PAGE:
October 13, 2022
Grain exports at the US Gulf slowed by low Mississippi River
US Department of Agriculture data showed crop exports at Louisiana Gulf Coast terminals for the first week of October were at their lowest levels in nine years, during a time when export shipments increase, Reuters reported.
Last week, low water levels on southern stretches of the Mississippi River forced the closure of the main shipping waterway for days, stopping the movement of grain barges from Midwest farms to the country's largest grain shipping port.
The untimely shipping disruption occurs as farmers are working to harvest their top cash crops, corn and soybeans, leaving exporters scrambling for supplies at the start of the busiest time of the year for shipments of American agricultural products abroad.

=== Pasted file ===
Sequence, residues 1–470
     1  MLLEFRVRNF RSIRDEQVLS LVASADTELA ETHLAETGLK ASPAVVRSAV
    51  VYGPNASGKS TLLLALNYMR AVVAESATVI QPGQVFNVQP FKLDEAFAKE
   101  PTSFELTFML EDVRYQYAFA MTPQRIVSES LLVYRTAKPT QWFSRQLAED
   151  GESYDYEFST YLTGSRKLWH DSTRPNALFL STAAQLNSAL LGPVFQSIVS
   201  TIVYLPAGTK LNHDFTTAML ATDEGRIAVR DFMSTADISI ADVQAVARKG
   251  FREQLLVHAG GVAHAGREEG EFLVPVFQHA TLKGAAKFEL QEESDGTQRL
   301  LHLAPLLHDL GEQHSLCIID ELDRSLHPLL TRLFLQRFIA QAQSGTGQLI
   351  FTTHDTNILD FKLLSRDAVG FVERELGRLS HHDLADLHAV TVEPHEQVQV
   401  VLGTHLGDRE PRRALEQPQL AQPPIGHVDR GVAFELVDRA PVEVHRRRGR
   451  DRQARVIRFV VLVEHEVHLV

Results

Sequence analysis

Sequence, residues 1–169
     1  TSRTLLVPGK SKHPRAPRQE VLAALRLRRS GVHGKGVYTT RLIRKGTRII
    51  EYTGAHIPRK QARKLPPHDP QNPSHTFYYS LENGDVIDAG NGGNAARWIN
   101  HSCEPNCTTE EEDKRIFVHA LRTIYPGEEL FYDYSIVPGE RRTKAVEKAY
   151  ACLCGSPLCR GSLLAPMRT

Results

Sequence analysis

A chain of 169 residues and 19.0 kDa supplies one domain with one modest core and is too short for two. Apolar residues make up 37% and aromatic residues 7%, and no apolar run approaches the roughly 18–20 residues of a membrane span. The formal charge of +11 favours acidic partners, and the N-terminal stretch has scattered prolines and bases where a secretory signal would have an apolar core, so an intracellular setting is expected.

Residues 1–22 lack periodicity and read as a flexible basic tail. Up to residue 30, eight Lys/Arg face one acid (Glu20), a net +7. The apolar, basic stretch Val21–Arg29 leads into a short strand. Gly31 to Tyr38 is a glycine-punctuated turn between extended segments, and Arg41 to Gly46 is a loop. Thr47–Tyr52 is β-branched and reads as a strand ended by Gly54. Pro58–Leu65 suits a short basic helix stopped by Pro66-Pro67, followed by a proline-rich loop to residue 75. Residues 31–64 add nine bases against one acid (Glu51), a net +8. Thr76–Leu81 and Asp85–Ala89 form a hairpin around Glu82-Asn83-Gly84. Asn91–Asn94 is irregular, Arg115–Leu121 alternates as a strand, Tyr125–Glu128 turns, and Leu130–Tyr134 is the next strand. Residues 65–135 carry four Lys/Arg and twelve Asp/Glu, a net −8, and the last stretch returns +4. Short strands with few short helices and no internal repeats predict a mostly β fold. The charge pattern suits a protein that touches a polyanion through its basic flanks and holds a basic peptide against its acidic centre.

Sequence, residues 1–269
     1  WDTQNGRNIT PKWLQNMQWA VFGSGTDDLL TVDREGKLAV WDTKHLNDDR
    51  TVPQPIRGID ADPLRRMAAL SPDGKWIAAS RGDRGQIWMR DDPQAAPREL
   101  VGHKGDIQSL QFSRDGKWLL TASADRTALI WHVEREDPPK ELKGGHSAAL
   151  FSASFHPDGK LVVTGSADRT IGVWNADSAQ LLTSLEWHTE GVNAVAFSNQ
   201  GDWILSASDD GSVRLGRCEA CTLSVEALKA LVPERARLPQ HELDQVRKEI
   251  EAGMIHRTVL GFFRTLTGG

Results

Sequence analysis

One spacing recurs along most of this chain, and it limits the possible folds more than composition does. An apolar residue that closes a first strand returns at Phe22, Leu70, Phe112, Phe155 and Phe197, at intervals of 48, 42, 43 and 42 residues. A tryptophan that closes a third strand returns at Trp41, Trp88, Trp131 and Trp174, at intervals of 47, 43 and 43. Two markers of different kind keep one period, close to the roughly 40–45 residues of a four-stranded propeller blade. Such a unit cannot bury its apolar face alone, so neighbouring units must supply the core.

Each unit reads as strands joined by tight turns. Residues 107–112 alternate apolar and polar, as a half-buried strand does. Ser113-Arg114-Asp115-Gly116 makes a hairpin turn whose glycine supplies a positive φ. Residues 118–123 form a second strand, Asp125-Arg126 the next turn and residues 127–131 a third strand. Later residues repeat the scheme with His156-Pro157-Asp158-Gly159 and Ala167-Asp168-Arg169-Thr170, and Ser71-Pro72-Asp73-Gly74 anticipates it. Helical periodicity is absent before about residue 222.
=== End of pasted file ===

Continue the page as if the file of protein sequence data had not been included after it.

The USDA reported that 976,255 tonnes of corn, soybeans, and wheat were inspected for export at the Mississippi River Gulf Coast in the week ending October 6, which was 22% below the prior five-year average and the lowest for the first week of October in at least nine years.
Over the weekend, two closed sections of the Mississippi River were reopened, allowing a backlog of stalled barges to start moving once more. However, low water levels remain an issue for shippers given the mostly dry weather forecast.
To prevent the barges from becoming stuck in the river that has been dried out by the drought, shippers are loading less grain onto each barge, and towboats are pulling fewer barges per tow to get through the congested channel.
When a third or more of the year's exports are typically loaded and shipped in the fourth quarter, traders anticipate a slow start for exports.
Terry Reilly, a senior commodities analyst with Futures International, said over the next few weeks, he anticipates inspections to be below average before really picking up, adding that if there are ships available, increasing shipments out of the Gulf doesn't take long.